M-Pesa mobile money

Vodacom to close M-Pesa South Africa

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M-Pesa, the darling money transfer service pioneered in Kenya by Safaricom, is coming to an end in South Africa, as Vodacom announced today that the service has not performed an expected.

The money transfer service has enjoyed massive success in Kenya and neighboring Tanzania, and since it launched in South Africa in 2010, the network operator set a target of reaching over 10 million people.

M-Pesa in South Africa will officially be shut down in 30 June this year.

Shameel Joosub, Vodacom Chief Executive Officer, said the decision was made simply because the business model didn’t expand as quickly as possible, and it possibly became clear that 10 million users was a bit of a stretch.

“Vodacom’s decision is based on the fact that the business sustainability of M-Pesa is predicated on achieving a critical mass of users. Based on our revised projections and high levels of financial inclusion in South Africa there is little prospect of the M-Pesa product achieving this in its current format in the mid-term,” he said in a press statement.

Joosub detailed that the June cut-off should be enough time to help existing customers access their money and conclude any other transactions.

“Vodacom is fully committed to mitigating any inconvenience to customers impacted by the decision and assures all M-Pesa South Africa customers that their funds remain safe and readily accessible. We remain of the opinion that opportunities exist in the Financial Services environment and we will continue to explore these.”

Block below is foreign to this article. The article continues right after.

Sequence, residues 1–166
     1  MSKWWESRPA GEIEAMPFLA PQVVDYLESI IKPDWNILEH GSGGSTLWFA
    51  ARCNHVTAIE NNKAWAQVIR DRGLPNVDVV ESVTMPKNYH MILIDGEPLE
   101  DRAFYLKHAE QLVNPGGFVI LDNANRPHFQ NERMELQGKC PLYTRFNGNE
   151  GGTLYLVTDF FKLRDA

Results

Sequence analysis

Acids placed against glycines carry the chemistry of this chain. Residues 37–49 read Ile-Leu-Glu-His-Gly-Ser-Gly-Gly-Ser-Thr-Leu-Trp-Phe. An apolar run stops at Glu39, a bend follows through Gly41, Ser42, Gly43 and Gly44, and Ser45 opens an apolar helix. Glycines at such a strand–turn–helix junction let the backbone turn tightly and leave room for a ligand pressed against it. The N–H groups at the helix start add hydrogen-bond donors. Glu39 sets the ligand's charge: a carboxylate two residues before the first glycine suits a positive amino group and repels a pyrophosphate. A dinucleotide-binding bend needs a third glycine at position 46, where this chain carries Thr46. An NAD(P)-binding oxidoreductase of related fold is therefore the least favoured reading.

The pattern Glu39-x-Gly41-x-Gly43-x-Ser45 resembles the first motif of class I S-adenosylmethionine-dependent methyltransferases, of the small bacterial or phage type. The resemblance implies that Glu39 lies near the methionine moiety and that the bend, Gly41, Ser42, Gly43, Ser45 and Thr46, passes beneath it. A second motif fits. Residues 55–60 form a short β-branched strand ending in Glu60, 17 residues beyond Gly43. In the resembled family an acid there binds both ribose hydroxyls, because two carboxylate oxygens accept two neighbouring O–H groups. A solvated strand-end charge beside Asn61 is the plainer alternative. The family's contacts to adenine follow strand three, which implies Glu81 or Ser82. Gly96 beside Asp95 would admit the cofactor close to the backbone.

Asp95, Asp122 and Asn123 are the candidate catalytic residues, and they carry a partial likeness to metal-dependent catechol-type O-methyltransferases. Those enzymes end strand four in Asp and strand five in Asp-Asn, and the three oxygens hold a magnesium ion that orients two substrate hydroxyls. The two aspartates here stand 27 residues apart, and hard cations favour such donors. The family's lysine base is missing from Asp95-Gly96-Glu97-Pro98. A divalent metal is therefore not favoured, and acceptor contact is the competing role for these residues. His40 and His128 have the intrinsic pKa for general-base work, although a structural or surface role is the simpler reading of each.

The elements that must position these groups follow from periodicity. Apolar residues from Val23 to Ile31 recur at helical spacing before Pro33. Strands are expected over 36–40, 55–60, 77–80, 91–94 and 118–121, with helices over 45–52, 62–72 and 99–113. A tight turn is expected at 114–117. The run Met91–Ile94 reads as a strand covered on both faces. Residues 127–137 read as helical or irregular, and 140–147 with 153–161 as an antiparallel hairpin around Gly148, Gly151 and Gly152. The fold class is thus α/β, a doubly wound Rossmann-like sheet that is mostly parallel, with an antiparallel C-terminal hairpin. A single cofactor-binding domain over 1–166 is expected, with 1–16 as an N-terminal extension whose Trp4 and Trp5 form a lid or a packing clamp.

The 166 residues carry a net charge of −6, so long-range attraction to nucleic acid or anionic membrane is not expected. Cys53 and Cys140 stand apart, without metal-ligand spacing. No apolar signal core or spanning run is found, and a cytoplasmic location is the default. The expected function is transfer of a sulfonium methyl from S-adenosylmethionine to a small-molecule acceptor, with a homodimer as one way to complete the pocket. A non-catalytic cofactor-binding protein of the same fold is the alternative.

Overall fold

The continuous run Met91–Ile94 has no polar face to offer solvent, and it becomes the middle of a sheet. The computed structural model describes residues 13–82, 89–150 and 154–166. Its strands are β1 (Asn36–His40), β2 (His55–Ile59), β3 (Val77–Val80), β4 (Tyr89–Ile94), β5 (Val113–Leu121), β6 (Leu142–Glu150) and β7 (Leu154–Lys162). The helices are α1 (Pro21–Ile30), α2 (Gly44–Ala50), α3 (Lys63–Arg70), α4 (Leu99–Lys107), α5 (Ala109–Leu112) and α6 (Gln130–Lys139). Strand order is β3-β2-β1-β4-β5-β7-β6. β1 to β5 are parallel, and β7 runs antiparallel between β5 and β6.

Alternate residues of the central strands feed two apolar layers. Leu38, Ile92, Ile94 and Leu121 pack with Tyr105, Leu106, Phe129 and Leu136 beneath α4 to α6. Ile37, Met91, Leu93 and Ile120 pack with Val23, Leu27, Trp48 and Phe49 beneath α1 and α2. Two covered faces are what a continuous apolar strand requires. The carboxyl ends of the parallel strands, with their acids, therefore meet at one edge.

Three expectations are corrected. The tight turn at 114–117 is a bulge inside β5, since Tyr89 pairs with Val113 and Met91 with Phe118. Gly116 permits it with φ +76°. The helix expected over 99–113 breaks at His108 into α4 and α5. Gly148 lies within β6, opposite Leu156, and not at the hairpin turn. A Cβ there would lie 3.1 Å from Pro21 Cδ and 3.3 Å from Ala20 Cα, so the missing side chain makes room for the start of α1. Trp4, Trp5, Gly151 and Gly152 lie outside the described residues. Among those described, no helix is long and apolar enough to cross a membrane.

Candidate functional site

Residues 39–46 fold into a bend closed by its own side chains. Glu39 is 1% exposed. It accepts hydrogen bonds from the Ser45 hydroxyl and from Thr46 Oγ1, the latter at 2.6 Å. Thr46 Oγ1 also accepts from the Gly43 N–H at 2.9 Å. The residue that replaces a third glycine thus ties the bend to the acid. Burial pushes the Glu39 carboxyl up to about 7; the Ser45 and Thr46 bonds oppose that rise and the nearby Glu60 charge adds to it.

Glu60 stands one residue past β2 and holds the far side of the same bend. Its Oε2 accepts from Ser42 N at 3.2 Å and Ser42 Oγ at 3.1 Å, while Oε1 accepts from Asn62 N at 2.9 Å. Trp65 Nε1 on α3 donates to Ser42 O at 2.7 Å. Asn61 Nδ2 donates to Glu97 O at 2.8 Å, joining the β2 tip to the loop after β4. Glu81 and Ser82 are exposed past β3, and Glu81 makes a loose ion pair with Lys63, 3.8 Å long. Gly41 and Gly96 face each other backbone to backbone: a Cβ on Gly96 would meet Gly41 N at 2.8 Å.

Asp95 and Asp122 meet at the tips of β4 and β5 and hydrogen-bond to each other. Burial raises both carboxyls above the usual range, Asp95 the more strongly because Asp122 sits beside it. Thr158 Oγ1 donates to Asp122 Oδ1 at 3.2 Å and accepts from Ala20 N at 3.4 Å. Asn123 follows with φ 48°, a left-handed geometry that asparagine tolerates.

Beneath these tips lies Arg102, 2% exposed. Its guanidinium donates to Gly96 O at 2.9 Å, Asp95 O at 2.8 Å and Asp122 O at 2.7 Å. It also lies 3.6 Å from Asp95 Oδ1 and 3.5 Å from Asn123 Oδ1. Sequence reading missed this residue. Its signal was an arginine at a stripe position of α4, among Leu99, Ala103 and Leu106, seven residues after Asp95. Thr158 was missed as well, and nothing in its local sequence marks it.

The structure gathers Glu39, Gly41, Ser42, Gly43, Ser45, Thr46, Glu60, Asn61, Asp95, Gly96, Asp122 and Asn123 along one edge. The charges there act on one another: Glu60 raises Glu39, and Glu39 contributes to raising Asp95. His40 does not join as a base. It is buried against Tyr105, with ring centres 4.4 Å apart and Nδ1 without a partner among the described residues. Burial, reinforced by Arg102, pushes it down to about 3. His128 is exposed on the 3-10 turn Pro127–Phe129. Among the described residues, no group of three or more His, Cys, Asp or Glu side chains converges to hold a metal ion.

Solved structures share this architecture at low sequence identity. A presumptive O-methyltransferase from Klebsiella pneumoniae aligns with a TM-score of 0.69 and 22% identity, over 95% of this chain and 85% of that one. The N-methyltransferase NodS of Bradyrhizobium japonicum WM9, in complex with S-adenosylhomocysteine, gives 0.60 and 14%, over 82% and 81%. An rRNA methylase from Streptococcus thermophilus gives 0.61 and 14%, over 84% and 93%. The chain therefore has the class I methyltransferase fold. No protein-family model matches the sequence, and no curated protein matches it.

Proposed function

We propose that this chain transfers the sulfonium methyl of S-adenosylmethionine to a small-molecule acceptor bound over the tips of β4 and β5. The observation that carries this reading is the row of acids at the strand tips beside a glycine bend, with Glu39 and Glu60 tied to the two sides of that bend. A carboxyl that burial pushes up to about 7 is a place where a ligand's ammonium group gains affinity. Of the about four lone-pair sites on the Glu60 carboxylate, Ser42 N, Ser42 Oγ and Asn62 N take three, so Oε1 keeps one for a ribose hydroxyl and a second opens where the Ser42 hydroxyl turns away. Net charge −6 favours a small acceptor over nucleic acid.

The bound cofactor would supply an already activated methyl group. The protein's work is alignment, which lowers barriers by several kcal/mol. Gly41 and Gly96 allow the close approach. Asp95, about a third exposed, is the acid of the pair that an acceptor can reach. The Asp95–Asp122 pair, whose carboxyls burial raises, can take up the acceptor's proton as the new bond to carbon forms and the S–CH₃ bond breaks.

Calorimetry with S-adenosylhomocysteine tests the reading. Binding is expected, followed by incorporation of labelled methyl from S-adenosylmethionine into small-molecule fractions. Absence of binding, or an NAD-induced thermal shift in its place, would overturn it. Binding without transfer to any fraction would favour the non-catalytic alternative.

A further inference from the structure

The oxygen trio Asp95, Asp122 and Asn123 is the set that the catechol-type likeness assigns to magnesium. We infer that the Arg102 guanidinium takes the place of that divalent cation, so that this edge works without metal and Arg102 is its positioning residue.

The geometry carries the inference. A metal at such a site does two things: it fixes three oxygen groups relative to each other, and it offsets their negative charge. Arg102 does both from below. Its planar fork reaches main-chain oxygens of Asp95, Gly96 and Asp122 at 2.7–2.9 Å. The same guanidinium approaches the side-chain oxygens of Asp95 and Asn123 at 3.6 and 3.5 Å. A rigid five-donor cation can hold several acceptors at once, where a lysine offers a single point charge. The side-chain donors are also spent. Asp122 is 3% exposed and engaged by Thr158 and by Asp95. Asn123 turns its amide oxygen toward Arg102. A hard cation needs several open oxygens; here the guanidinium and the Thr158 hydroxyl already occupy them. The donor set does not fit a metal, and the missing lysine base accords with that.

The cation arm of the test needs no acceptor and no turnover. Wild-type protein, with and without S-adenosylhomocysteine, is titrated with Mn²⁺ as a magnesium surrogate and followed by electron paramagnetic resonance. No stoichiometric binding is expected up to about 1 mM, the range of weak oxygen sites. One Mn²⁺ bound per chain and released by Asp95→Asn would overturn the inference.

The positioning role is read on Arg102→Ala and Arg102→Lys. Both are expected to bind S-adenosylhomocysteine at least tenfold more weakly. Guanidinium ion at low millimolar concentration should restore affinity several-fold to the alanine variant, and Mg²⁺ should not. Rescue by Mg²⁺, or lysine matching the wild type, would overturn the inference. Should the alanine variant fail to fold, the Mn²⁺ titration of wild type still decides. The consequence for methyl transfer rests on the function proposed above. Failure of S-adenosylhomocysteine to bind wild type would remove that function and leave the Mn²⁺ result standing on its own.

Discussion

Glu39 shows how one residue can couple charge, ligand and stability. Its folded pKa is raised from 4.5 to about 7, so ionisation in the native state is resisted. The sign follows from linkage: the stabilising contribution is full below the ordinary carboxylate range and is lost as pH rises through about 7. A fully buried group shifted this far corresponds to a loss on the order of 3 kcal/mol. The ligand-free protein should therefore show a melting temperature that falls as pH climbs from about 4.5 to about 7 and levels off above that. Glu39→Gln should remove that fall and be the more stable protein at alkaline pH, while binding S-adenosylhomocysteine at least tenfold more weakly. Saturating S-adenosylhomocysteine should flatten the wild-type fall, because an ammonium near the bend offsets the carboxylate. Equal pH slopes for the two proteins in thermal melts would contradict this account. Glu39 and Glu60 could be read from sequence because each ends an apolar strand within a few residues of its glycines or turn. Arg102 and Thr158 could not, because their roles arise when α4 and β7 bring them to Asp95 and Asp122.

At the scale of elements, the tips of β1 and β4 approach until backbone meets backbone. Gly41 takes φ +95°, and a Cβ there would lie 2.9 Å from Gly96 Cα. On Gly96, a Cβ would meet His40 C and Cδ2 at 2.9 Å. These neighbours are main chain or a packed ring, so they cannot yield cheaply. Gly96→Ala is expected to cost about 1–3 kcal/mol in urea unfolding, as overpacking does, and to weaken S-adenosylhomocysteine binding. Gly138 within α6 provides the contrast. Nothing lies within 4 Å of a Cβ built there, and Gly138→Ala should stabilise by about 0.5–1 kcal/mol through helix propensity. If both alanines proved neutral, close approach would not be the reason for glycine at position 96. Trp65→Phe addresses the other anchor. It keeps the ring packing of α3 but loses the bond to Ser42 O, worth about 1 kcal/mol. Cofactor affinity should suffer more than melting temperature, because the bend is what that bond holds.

Vodacom was also quick to add that even though the service is shutting down in South Africa, it wasn’t going to affect the transfer service in Kenya, Tanzania, Lesotho, Mozambique and the DRC. According to parent company Vodafone, there are more than 19.9million users of M-Pesa elsewhere in the world, and 3.4billion transactions were processed in 2014/15.

[Image – CC by 2.0/Radarmax)

Charlie Fripp

Charlie Fripp

Charlie started his professional life as a motoring journalist for a community newspaper in Mpumalanga, Charlie explored different journalistic angles since his entry into the fast-paced world of publishing in 2006. While fostering a passion for the arts, Charlie developed a love for technology – both which allowed him to serve as Entertainment and Technology Editor for an online publication. Charlie has since been heavily involved in consumer technology for various websites and publications. He thoroughly enjoys World War II films and cerebral documentaries; aviation; photography and indie music. Oh yes, and he also has a rather strange obsession with collecting coffee mugs from his travels.